Two, the aspirations of the people as well as the policy of the government should be drawn up within a legal framework. In the case of
MIFEE, the interests of the Indonesian state are involved and therefore during the one hundred day period, the SBY-Budiono government entered
into a Memorandum of Understanding – MoU – with the foreign investors, after which the MoU was adopted as a draft regional regulation – RAPERDA
- of the district of Merauke.
Three, the results of these decisions should have been discussed with the people. In the case of MIFEE, neither the MoU nor the RAPERDA were
discussed with the people. Nor did the plans that were drawn up involve the customary people, the owners of the land. Neither the Indonesian
government nor the local government did anything to publicise the MoU or the RAPERDA.
Four, adoption of the legal documents. The MoU entered into by the SBY-Budiono government during the one hundred day preparatory period was
adopted as Regional Regulation (Perda) No 23 by the Bupati of Merauke, John Gluba Gebze.
Five, there was no announcement of the decision that had been taken regarding the MIFEE project. As is always the case in Papua, the
decisions were not made known to the people: neither the MoU nor the Perda were made known to the customary owners of the land.
Six, adoption of a legal decision. The announcement of the MIFEE project by John Gluba Getze on 12 February, 2010, the 108^th anniversary of the
town of Merauke, was officially announced on 11 August 2010 by the minister of agriculture, Siswono on behalf of the President of Indonesia.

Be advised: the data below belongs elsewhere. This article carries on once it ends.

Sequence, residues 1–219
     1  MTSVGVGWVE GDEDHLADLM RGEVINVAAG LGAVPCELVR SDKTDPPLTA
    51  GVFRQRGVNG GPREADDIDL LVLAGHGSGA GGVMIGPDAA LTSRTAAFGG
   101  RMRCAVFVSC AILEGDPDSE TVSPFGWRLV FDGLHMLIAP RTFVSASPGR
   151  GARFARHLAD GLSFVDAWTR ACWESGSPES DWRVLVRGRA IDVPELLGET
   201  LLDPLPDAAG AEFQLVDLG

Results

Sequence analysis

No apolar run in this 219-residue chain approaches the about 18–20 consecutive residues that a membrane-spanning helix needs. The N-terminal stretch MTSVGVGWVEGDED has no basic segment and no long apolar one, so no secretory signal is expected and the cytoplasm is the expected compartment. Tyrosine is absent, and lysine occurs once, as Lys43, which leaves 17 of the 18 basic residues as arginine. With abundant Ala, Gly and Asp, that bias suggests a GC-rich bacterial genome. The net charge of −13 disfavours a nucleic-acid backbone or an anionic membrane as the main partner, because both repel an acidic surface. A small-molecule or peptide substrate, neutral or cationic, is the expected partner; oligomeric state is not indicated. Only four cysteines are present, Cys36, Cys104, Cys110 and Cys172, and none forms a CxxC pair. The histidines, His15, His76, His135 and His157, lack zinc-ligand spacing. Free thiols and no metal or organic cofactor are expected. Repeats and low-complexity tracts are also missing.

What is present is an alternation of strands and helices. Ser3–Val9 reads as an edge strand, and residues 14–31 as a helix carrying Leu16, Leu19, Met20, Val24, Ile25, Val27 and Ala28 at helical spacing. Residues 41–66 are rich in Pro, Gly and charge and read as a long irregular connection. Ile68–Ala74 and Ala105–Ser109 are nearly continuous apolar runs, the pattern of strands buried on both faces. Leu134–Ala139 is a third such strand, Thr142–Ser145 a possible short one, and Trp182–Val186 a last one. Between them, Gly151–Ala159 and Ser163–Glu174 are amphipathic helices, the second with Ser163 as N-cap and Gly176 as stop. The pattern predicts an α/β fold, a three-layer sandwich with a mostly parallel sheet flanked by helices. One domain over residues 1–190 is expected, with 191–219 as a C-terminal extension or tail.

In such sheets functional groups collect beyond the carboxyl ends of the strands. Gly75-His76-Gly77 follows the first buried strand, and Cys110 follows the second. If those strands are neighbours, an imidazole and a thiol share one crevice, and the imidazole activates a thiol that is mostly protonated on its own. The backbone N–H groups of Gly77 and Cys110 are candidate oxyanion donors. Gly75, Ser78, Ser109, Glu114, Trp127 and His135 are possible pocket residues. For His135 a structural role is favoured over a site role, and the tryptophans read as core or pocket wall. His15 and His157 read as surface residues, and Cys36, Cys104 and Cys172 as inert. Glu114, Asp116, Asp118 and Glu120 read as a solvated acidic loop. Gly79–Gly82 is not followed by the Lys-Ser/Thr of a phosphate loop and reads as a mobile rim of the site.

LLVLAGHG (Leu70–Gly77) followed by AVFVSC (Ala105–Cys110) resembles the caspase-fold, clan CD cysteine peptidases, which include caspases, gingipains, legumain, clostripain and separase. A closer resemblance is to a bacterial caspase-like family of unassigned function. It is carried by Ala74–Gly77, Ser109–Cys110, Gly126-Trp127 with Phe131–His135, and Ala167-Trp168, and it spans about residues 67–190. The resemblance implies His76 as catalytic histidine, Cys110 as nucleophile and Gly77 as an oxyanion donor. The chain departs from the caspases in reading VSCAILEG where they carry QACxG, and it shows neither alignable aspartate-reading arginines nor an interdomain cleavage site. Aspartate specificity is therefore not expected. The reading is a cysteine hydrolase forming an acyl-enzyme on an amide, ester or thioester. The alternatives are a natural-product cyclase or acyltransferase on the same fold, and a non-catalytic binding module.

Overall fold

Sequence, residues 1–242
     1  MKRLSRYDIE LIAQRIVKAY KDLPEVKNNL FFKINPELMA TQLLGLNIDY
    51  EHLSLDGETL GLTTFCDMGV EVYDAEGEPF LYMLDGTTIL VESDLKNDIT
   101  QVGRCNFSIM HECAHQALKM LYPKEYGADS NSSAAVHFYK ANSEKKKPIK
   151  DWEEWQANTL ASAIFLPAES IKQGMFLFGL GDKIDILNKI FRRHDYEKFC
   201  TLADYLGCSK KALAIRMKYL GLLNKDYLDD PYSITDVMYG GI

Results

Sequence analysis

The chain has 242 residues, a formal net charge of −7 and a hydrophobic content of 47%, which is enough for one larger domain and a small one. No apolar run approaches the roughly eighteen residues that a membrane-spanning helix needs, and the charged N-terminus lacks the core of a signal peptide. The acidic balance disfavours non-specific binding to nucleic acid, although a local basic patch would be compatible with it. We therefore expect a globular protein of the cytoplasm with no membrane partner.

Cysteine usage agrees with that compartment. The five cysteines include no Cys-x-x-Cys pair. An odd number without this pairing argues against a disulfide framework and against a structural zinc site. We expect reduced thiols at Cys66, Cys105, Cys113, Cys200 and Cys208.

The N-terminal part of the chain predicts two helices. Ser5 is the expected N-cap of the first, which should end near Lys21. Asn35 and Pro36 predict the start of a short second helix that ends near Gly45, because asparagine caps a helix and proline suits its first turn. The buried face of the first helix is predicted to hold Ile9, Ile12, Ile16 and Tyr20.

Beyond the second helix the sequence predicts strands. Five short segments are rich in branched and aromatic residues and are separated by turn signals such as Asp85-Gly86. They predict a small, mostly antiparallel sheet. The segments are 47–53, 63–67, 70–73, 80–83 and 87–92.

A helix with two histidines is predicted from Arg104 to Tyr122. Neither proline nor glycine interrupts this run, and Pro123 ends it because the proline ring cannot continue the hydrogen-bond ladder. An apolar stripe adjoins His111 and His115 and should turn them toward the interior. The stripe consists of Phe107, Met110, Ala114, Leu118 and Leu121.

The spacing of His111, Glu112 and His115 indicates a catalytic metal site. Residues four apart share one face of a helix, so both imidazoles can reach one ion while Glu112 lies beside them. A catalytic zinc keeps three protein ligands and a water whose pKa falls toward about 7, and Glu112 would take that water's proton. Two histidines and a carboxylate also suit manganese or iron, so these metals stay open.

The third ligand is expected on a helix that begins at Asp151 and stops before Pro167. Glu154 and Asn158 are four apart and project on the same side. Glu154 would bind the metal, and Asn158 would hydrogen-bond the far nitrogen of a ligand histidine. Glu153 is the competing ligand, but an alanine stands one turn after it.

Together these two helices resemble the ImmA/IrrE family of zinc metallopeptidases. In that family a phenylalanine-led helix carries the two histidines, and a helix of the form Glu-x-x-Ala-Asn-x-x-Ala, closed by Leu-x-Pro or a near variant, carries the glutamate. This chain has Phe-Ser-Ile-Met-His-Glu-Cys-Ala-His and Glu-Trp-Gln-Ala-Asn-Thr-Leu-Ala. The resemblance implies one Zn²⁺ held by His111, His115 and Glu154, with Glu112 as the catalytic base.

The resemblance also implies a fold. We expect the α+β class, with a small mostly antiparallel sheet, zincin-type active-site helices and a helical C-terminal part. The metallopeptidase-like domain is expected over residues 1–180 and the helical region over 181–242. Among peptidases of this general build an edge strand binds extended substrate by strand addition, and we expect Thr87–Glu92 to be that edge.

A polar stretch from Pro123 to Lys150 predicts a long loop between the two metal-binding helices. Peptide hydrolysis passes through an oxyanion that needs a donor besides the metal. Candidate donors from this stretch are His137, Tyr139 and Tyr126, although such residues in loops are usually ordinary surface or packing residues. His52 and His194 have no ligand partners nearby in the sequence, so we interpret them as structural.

Seven, should the decision fail to comply with the interests of the people, it should be revoked, either because (a) it is ineffective or
(b) the decision in question should be amended if it is lacking in any material way. In the case of MIFEE, the Indonesian state closed its ears
to the many protests made by the indigenous people, by observers and by NGO activists. This is obvious from the fact that thirteen companies are
already operating in Merauke.
As regards the social implications, the number of inhabitants in each kampong could decline sharply and they will become a minority as
compared to ethnic groups brought in from outside Papua, a situation that will become even worse with the arrival of four million low-paid
workers, some of whom have already arrived and who will continue to arrive to work on the MIFEE project. The companies and the government
have never involved the local communities in any decision-making or other mechanisms in compliance with the basic daily needs and customs of
the local communities. The local inhabitants have become mere spectators. These violations have become part of the ‘culture’ of the
companies and the government with MIFEE serving the interests of the Indonesian state and the foreign investors. As a result, social problems
are emerging, such as ethnic cleansing or genocide which infringe the ethical and moral principles of the local tribes and the indigenous
Papuan people in general.
In view of all the above and in order to safeguard the people and land of Papua from the threat posed by the mega MIFEE project, a meeting was
held on 4 June at the OFS Convent, attended by young Papuans and students, primarily from South Papua . It was decided to set up the
Papuan People’s Solidarity to Reject MIFEE or SORPATOM.
One of its activities was the public discussion held on 11 August in Jayapura the theme of which was: ‘Investments in Papua, especially
MIFEE: A catastrophe or a blessing for the Indigenous Papuan people?’
In view of the threats posed by investments, in particular the MIFEE Mega Project, we hereby declare:
1. We support the position adopted by the Ha Nim indigenous people and their sympathisers who reject the MIFEE project on their land